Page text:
As Canada’s new Liberal government
digs into the reality of regulating a legal marijuana platform nationwide, the tides of change are already emerging via a new announcement in Ontario that could let medical marijuana patients vape or smoke joints in public.
Associate Health Minister Dipika Damerla made an exemption to a ban on the use of vaporizers
and/or e-cigarettes for medical marijuana patients. The ban on e-cigarettes applies to anywhere that regular cigarettes are prohibited, including restaurants, workplaces, parks, and playgrounds, and goes into effect January 1, 2016. With an Authorization to Possess (ATP), however, medical marijuana patients could, in theory, start puffing in any old spot, whether it’s on a joint or a vaporizer, if they felt so inclined.
Restaurants and other proprietors retain the right to overrule the exemption, as well as the right to request to see patients’ authorization if they are using cannabis on private premises. Nonetheless, the new exemption is a relief for many patients, but has caused a predictable backlash from citizens concerned for public health and secondhand smoke or vapor.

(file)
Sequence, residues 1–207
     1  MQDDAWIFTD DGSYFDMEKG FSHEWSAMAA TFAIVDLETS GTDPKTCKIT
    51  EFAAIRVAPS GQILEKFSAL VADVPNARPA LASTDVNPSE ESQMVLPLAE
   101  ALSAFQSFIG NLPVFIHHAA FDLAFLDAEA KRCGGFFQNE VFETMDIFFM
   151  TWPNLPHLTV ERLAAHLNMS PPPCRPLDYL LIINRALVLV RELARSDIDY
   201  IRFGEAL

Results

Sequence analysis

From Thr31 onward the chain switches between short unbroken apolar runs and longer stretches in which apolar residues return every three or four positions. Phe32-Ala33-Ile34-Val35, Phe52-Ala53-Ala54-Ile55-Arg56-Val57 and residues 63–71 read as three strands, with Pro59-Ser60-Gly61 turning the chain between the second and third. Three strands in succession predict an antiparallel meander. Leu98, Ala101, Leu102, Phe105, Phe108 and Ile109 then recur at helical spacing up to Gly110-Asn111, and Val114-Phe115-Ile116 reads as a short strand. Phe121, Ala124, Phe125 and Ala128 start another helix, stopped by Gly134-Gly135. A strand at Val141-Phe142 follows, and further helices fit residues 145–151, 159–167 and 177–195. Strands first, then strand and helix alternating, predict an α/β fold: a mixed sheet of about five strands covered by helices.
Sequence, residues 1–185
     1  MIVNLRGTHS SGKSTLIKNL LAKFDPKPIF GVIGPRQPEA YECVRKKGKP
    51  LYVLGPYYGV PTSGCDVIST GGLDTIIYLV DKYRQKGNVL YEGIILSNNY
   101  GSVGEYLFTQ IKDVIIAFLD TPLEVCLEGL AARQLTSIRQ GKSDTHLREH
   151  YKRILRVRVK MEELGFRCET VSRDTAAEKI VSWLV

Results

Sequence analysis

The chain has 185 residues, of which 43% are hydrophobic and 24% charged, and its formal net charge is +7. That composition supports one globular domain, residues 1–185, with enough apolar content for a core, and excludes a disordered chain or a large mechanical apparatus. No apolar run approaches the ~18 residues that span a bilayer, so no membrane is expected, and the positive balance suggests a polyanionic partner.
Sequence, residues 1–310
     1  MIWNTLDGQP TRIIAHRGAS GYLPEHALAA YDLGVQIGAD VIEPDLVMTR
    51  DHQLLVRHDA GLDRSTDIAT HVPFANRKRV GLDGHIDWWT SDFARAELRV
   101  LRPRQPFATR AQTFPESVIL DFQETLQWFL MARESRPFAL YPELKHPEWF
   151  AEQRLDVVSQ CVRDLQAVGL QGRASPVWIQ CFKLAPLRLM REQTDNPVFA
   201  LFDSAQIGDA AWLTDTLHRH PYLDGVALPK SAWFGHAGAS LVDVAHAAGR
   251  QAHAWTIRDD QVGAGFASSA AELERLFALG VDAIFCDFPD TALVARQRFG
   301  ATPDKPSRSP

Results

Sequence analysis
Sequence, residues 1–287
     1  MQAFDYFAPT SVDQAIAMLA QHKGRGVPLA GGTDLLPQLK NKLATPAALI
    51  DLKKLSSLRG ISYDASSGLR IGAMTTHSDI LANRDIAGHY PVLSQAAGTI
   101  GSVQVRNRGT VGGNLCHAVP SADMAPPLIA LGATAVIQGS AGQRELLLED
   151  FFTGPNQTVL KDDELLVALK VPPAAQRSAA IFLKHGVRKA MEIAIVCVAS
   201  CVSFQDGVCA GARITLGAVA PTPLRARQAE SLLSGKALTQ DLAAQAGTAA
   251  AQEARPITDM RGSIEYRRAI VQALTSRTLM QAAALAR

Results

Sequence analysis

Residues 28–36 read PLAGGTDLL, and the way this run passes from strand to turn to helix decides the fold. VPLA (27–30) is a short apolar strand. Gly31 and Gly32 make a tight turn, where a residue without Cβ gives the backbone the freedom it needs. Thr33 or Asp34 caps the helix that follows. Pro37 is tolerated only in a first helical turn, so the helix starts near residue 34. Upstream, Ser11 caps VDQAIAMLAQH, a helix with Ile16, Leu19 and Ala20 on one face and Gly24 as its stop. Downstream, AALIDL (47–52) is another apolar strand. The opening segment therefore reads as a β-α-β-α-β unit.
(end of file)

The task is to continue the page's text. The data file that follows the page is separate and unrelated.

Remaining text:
Damerla responded to the inquiries
to clarify the reason for the exemption:
“Somebody who really needs it for medical reasons may need to be able to smoke it or vape it. On the other hand, we are very sensitive to people around them. It really is about balancing those rights…The exemption is about letting people who are very sick or in a lot of pain to take their prescribed medication when they need to.”
After receiving concerned feedback from the public, Ontario’s government will re-examine the decision
, although Damerla defended the exemption, as there is no scientific evidence that secondhand marijuana vapor has any negative health effects on bystanders. Also, omitting an exemption for medical marijuana patients from the new e-cigarette ban could raise issues of constitutionality.
This might seem like a big change, but founder of Canadians for Fair Access to Medical Marijuana Jonathan Zaid says that this shouldn’t change much, as before the new e-cigarette regulation passed, there were no regulations pertaining to vaporizer use. “The provincial government is taking a big step forward and actually recognizing medical marijuana as a legitimate medicine,” he said.
As for public health concerns, Zaid expressed his belief
that the immediate worries were relatively unfounded. “Everyone I know, including myself, who uses medical cannabis is discreet about it. They just want to use it as their medicine to feel better, to live a better quality of life, and they don’t want to be harassed about it, so that also means they’re not typically likely to do it in a very public space.”
This is just one step on Canada’s path to legalization. What’s up next?